His hair was still dark, as was his moustache, but his hands had that knotty, bony look that comes with age. He was small and wiry, limber, and exuded a confidence that drew my eye. He boarded the bus in Montesano, and again a few days later in Hoquaim, dressed simply in jeans and sweatshirt.
The day I saw him in Hoquaim, we were on our way back from Ocean Shores, an elongated and not very successful holiday resort on the Pacific coast. It had rained on and off (mostly on) for most of the day, and we stayed in sight of the long, windswept beach just long enough to take a few photos, before retreating to a Taffy shop for coffee. Anyway, this fellow boarded the bus in Hoquaim, and apparently the driver took a slightly different route back to Aberdeen than what he expected, and he entered into a conversation with the driver about this ‘stop’that he thought had been overlooked.I couldn’t really hear what the driver had to say, but got the impression that there was no oversight as far as he was concerned. The traveller, however, was unconvinced, and repeated that he thought there was a mistake, ending with the words “Just sayin’.” I’d never heard the expression before, but I have since. And every time I do, I remember the man on the bus in Aberdeen, who knew more about the route than the driver.
Montesano, Aberdeen and Hoquaim are in an area of great natural beauty, with an unfortunate reputation for perpetual rain. We only passed briefly through Montesano, just long enough to note the grocery store where Buzz Osborne, of the Melvins, once worked, and where, allegedly, Kurt Cobain was introduced to Punk Rock. Hoquaim and Aberdeen were once thriving, and still boast wonderful old buildings, including the 7th Street Theatre in Hoquaim, and the Driftwood Playhouse in Aberdeen. Like the Gold rush towns of central Victoria, the glory days were brief and spectacular, and followed by population decline, as workers moved on. The timber boom was driven, oddly enough, by the San Francisco earthquake, and subsequent fires, which created an enormous demand for timber as that city was rebuilt. It was demand that ran out, not supply.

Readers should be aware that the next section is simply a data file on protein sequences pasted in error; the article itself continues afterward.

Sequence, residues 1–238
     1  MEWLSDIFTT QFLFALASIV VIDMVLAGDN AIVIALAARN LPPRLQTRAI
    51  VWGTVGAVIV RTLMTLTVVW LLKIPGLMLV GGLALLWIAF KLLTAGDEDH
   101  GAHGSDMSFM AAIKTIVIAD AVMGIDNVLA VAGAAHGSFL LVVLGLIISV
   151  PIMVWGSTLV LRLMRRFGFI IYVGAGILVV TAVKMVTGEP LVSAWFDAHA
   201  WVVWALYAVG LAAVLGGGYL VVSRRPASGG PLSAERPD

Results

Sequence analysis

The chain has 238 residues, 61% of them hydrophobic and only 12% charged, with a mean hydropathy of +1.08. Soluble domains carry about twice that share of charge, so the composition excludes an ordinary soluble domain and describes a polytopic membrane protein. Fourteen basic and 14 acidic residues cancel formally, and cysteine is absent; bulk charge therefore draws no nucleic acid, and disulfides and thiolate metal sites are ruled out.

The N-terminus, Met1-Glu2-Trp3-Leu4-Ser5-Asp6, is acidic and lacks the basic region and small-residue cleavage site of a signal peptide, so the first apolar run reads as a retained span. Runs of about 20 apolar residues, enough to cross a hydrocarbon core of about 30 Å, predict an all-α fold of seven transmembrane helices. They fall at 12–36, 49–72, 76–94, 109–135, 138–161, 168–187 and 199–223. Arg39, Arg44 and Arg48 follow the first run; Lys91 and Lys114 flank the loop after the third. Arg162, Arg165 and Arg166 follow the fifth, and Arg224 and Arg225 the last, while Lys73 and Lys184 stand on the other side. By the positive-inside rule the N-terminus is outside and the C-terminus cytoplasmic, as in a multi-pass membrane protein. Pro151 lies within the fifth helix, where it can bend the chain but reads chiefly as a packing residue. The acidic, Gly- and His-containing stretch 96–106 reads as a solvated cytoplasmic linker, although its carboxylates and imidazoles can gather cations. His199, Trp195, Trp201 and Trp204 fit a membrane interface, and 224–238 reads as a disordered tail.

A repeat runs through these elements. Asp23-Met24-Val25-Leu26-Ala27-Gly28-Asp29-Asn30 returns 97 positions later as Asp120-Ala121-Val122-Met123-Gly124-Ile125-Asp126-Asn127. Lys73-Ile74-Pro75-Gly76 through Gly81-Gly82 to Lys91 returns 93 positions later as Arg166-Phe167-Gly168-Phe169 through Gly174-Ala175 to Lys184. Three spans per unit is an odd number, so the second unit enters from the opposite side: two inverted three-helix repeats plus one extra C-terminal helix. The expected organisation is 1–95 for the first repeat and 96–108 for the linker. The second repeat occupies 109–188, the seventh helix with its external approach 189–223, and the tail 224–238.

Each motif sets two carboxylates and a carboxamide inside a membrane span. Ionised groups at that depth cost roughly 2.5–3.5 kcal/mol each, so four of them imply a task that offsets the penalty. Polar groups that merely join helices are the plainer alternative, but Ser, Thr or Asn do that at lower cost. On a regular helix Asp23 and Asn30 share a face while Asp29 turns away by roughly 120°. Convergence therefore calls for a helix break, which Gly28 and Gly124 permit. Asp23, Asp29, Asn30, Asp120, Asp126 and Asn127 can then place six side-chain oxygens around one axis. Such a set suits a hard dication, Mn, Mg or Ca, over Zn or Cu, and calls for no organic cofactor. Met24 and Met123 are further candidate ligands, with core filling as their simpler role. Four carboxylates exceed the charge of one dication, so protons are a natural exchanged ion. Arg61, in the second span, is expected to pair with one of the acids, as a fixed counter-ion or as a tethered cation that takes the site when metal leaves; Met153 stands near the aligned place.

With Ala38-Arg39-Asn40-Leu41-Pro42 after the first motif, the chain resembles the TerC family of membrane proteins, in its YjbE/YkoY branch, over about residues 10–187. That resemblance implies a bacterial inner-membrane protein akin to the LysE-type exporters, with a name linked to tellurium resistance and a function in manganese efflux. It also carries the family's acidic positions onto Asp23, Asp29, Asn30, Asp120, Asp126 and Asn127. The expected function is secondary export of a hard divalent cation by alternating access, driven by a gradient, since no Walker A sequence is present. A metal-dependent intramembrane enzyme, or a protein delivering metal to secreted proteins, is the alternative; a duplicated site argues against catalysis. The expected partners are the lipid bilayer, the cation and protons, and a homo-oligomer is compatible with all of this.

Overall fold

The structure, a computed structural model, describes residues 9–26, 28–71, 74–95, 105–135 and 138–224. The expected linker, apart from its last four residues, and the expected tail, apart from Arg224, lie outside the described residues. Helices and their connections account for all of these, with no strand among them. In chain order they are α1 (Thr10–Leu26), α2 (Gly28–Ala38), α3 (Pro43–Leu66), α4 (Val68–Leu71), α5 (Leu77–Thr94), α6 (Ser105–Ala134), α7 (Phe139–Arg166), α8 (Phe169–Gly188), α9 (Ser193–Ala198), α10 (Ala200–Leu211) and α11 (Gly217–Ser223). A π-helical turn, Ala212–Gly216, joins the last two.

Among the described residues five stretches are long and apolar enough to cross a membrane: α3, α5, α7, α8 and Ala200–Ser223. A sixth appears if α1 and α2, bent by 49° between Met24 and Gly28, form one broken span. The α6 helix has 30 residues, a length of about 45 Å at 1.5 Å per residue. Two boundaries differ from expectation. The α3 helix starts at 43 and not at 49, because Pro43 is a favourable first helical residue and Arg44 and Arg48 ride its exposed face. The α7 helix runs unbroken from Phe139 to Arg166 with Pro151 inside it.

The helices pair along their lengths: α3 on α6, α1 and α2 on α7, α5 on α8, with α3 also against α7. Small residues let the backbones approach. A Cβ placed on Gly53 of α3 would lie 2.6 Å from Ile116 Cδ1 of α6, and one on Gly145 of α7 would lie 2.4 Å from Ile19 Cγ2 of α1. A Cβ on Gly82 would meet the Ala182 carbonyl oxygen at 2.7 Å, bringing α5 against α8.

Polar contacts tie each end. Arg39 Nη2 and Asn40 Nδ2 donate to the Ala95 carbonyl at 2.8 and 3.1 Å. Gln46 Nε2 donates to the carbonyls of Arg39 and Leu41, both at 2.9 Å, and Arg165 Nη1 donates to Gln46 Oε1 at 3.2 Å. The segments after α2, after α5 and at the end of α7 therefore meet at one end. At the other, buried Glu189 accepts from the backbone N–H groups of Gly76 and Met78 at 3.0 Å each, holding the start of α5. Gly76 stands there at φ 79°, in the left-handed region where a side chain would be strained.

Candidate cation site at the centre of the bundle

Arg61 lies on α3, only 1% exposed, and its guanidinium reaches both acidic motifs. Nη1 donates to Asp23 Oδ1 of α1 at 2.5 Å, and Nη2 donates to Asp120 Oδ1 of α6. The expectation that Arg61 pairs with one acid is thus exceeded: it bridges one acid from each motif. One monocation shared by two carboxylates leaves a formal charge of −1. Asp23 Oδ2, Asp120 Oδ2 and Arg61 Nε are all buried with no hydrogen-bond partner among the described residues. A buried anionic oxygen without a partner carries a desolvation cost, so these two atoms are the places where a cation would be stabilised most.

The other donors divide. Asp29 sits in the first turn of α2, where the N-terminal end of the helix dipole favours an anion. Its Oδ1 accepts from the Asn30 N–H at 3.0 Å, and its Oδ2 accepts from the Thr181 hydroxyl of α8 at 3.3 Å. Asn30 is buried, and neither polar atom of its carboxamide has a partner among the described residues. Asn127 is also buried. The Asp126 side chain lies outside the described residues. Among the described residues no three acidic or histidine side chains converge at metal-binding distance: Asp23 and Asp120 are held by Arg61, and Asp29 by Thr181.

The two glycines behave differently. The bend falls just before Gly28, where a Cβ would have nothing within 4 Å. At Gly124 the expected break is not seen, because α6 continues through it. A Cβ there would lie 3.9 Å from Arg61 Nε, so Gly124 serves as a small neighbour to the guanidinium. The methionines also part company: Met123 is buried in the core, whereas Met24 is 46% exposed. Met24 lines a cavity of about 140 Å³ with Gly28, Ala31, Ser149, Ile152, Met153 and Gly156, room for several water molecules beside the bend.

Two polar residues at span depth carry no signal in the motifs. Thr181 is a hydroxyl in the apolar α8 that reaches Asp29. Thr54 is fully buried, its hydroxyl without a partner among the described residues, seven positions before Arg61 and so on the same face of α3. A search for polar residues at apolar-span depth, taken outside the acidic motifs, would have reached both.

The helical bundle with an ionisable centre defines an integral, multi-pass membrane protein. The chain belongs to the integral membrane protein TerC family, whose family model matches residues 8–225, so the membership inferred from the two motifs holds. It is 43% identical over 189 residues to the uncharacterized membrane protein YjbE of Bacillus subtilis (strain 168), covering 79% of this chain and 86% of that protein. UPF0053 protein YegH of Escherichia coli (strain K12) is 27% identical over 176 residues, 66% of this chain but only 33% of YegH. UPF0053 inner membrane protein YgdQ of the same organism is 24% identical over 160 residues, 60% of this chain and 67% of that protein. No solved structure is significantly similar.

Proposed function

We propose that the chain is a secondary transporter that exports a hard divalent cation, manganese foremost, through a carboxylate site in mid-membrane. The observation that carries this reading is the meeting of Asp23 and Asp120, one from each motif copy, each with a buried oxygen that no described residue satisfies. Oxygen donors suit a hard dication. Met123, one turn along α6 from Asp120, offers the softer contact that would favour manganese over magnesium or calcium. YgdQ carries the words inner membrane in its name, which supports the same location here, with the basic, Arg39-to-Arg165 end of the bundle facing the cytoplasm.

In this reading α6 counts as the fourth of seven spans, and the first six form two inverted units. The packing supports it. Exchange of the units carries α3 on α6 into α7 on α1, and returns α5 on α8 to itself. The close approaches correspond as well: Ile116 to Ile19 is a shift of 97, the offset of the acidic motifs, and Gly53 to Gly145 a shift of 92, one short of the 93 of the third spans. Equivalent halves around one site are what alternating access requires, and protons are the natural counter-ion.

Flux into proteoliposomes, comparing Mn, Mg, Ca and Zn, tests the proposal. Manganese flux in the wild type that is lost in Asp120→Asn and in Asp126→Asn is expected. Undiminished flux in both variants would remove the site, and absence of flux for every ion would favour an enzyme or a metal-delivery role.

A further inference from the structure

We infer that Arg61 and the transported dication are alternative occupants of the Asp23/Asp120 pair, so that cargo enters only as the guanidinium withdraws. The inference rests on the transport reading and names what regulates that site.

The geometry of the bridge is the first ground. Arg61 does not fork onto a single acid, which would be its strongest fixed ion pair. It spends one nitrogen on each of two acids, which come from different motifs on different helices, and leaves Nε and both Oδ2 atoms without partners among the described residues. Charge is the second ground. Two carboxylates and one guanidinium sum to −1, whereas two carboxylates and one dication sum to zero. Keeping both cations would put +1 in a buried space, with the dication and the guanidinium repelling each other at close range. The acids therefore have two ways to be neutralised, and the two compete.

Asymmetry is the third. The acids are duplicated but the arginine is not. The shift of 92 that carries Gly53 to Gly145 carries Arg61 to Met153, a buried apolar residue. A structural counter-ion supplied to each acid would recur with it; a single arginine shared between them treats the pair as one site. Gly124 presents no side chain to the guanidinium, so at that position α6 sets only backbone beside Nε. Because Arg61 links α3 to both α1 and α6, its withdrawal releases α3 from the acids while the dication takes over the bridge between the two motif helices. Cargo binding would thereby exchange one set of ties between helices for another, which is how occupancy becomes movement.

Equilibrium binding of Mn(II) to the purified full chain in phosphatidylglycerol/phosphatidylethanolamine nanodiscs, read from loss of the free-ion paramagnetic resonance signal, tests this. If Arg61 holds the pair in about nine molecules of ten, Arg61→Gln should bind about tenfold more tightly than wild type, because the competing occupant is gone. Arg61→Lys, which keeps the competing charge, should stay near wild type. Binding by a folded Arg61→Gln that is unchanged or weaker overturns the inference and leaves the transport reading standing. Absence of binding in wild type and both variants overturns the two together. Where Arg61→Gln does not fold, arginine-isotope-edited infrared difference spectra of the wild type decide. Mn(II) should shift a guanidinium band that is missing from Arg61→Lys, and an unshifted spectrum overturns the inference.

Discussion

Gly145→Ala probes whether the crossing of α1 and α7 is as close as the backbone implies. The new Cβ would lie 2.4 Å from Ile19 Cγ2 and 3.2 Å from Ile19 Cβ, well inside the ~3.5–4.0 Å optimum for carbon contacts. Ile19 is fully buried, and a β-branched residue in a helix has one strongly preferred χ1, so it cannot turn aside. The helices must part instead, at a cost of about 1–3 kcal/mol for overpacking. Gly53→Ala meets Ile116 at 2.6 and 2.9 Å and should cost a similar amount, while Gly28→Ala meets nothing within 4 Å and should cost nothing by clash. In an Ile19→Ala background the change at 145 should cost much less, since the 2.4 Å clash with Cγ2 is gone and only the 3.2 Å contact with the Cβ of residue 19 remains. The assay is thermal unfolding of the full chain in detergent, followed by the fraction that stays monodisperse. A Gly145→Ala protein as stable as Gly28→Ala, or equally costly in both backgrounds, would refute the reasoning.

Aberdeen has frequently been portrayed by ‘the media’ (in the context of discussing the life of Kurt Cobain), as “depressed” and generally down-at-heel. Some locals also feel that it is over-run with beggars and drug users, but from what I saw, it is no worse than any other small town. Maybe unemployment levels are a little higher, which is more to do with mechanisation of the timber industry than spotted owls. Besides which, America’s social security system is hardly world’s best practice – not that Australia’s is anything to boast about either. Just sayin’…